Ethics: Pastor Uses Company for Sermon Preparation

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What would you do Wednesday!

Today, I’d like to find out what people think about pastors using sermon preparation companies like Docent Research. Docent will be used for illustrative purposes to show that a sermon preparation service actually exists and to show what they offer.

Always curious about what your pastor is reading you browse the books on his desk while waiting to meet him. While shifting one of the books in order to get the title of another book an envelope falls to the floor. “Oops,” you mutter as you bend down to pick it up just as your pastor walks into the office.

“I’ll take that,” your pastors says as you grab the envelope,”I’ve got to finish Sunday’s sermon.” Noticing the words “Docent Research” on the envelope you ask if he’s doing some sort of theological research. “Nah,” he replies, “just some stuff for my sermon.”

Your  pastor quickly changes the conversation to focus on the purpose of your meeting.

Once home you do an internet search for Docent Research to find out about their services. On the homepage under “Research Briefs” you find a few bullet points.

  • Stories, statistics, quotes
  • Connections to culture
  • Theological insights
  • Exegetical analysis of Scripture

Another click of the mouse loads more bullet points.

  • Desire to inform and transform an audience
  • Need smart researchers who are well-read and well-trained
  • Need stories, metaphors and statistics that connect with their audience
  • Value visionary and skillful communication
  • Require a team that will execute the Pastor’s specific ideas, questions and instructions.
  • Speak to culturally savvy congregations

You wonder if it’s right for a pastor to use this service. As part of the process the site states, “Once we have learned from you how to best serve you, we recruit a specific, dedicated research team that is matched to your theological commitments and your style.” You also wonder why the company would match the pastor’s style if it is only providing research.

What would you do next? Should a pastor use this type of service for sermons?

  • Nothing, it’s the pastor’s prerogative.
  • Nothing, as long as the sermon is good it doesn’t matter.
  • First, talk to the pastor to understand the service better.
  • Confront the pastor explaining why he should do all of his own work.
  • Blog that the pastor is a fraud; then mass email the blog to everyone you know.
  • Or…
Let's connect!

tagged as , in Christianity,Church Issues,Culture

{ 5 comments… read them below or add one }

1 Chris Roberts September 12, 2012 at 12:07 pm

I would question the pastor’s wisdom. Why pay for sermons when so many are already freely available on the internet?

2 Chris Roberts September 12, 2012 at 12:08 pm

Hah it cut off my final snarky tag… That should end with: *runs and hides*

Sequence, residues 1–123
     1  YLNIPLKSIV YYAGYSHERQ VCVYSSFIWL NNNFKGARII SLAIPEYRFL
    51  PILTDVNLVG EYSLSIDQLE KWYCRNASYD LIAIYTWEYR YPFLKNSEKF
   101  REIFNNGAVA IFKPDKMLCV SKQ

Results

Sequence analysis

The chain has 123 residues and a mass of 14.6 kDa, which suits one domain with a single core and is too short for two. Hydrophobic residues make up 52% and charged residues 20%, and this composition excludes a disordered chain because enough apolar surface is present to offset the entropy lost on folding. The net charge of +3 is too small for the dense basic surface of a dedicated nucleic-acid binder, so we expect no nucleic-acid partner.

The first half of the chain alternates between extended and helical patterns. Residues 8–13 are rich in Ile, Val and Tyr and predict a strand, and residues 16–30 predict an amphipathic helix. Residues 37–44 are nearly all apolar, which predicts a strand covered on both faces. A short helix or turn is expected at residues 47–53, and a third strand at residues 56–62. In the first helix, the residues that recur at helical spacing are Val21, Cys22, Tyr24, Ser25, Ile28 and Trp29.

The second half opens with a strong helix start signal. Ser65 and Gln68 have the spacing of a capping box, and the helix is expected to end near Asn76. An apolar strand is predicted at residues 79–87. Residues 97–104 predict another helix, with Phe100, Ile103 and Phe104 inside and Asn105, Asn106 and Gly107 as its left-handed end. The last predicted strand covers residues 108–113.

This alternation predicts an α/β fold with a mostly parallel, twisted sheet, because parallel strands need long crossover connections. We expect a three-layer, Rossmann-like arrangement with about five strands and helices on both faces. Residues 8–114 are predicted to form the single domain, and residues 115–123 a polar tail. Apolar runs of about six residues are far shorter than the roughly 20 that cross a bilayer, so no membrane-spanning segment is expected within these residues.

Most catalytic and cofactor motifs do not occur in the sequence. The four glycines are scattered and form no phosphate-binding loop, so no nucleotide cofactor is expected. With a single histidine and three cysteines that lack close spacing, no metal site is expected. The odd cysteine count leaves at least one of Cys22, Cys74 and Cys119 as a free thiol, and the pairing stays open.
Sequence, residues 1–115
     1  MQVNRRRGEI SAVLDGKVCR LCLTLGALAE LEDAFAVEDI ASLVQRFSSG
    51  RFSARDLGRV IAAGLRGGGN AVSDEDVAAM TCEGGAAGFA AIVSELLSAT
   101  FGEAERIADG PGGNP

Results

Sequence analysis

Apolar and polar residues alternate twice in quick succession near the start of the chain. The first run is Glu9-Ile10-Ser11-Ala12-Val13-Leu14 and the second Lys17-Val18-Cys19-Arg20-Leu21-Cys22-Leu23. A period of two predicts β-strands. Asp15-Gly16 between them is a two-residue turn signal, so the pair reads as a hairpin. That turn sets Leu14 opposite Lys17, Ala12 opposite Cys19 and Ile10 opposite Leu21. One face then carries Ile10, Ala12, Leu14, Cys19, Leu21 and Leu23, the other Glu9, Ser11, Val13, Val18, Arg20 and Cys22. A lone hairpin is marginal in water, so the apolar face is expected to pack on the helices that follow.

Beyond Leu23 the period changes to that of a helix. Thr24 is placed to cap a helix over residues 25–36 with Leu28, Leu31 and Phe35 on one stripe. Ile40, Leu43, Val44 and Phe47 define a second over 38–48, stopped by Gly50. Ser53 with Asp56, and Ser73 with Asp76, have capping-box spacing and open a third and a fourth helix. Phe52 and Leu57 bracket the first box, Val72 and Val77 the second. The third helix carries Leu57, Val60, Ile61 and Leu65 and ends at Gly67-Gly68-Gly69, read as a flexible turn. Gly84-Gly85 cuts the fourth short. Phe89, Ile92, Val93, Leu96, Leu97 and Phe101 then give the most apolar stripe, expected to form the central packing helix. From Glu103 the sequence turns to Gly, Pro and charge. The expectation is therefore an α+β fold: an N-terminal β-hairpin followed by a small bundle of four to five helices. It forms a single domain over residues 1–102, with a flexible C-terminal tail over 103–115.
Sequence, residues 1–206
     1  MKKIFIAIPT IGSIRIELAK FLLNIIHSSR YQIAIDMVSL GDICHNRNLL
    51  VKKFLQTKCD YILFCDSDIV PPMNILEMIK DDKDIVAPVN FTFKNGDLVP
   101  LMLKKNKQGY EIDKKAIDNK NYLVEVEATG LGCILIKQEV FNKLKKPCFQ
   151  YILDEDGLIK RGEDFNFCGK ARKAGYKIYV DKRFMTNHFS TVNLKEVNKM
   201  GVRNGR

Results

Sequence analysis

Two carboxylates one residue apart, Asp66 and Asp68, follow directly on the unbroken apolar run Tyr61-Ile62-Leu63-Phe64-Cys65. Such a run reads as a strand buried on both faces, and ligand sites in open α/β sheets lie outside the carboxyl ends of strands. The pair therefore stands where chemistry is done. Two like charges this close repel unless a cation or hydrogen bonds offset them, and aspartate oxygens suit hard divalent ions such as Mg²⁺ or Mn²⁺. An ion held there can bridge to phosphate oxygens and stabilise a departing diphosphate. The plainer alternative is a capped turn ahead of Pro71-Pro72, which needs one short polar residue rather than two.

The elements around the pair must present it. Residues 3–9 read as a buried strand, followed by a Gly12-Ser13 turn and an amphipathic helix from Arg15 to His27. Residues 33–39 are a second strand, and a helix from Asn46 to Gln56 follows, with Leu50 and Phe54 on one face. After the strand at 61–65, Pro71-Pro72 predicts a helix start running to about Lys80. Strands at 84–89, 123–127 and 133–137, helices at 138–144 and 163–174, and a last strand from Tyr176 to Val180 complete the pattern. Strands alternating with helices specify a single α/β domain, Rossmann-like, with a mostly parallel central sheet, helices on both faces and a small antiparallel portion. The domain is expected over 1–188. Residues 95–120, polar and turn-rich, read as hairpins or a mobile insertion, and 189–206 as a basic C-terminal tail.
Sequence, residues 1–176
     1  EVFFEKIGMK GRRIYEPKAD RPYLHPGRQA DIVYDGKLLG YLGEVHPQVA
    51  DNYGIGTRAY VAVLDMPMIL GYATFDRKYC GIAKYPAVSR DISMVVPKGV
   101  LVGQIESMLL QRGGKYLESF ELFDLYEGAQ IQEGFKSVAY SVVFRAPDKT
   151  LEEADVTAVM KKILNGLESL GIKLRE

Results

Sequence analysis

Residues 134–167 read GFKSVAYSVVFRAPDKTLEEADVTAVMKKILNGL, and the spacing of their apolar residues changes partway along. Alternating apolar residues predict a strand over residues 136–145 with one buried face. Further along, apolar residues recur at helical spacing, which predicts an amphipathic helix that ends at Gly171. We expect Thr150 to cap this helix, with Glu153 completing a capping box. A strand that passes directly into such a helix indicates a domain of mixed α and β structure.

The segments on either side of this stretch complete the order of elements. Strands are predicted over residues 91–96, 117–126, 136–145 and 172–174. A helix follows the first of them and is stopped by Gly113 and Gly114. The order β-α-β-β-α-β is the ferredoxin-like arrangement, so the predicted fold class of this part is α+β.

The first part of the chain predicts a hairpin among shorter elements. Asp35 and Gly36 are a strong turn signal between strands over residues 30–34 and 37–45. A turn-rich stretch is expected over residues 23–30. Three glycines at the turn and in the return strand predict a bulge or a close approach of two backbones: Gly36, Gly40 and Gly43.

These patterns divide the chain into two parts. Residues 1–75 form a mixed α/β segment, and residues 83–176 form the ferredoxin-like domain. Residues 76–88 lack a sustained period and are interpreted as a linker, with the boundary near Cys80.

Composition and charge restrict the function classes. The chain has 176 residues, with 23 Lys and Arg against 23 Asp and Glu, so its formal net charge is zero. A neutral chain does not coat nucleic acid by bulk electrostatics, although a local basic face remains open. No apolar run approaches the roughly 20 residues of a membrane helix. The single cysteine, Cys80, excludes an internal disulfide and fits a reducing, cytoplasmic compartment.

3 MarieP September 12, 2012 at 12:34 pm

“First, talk to the pastor to understand the service better.” Yes, I know, I’m quoting you word for word 😛 It COULD be that he received it in the mail as a promotion (pastors get crazy stuff, I’m told!) I would wait to ask until after the sermon, to make sure he isn’t intending to use it AS a sermon illustration (“My point is that pastors ought to preach with their flock in mind. But today, this is not etched in the mind of ministers as it ought to be. For example,. I did a little research on a company called Docent Research…”)

Secondly, I would ask him, if it truly is the case that he’s using the company, why he is doing it, and how he will ensure that the flock will be fed according to its need. You might as well just download sermons off the internet (not a bad thing to do- but you need more than just a preacher!) Plus, the issue of plagiarism. My own pastor wrote an excellent blog post on this very issue awhile back, so I would be sorely tempted just to hand that to him and see how he reacts 😉

http://reformedbaptistfellowship.org/2010/06/18/wolfgang-puck-in-the-pulpit/

4 mburatov September 12, 2012 at 12:38 pm

I am not a professional preacher, but I have preached many times as a lay preacher. I can say that once I have picked a passage, studied it, and have a good idea what it says, getting ideas for application and clear explanation are the hard part. I have scrounged from all kinds of places for ideas, and if my pastor wants to use a company to help, that seems fine to me, with some reservations.

If, however, the pastor is leaning on the company materials to do his hard work for him rather than digging into the Scriptures himself, then that is not good. Therefore, it seems to me that it depends on how he is using it.

5 David (NAS) Rogers September 13, 2012 at 10:15 am

Several senior pastors have staff people who do this very thing. Most professors who write use their doctoral seminar students to do research and/or translation work through their paper assignments. Dr. James Leo Garrett of Southwestern Seminary several times used many of his students’ research insights but to his admirable credit he noted their contribution in the footnotes of his Systematic Theology.

Some may find it more cost effective to use this site than hiring a staff person to do the same thing.

I would say that the Scripture work and theme structuring should be done by the pastor, if he can be assisted by others in the supportive illustrations and statistical research areas then that is legitimate in principle. The pastor should certainly serve as an overall shaper of the sermon and not merely a regurgitator.

“Style” adaptation may just refer to kinds of illustrations and range of research data. Some preachers are more folksey and thus need common everyperson types of illustrations, others prefer academia based analyses.

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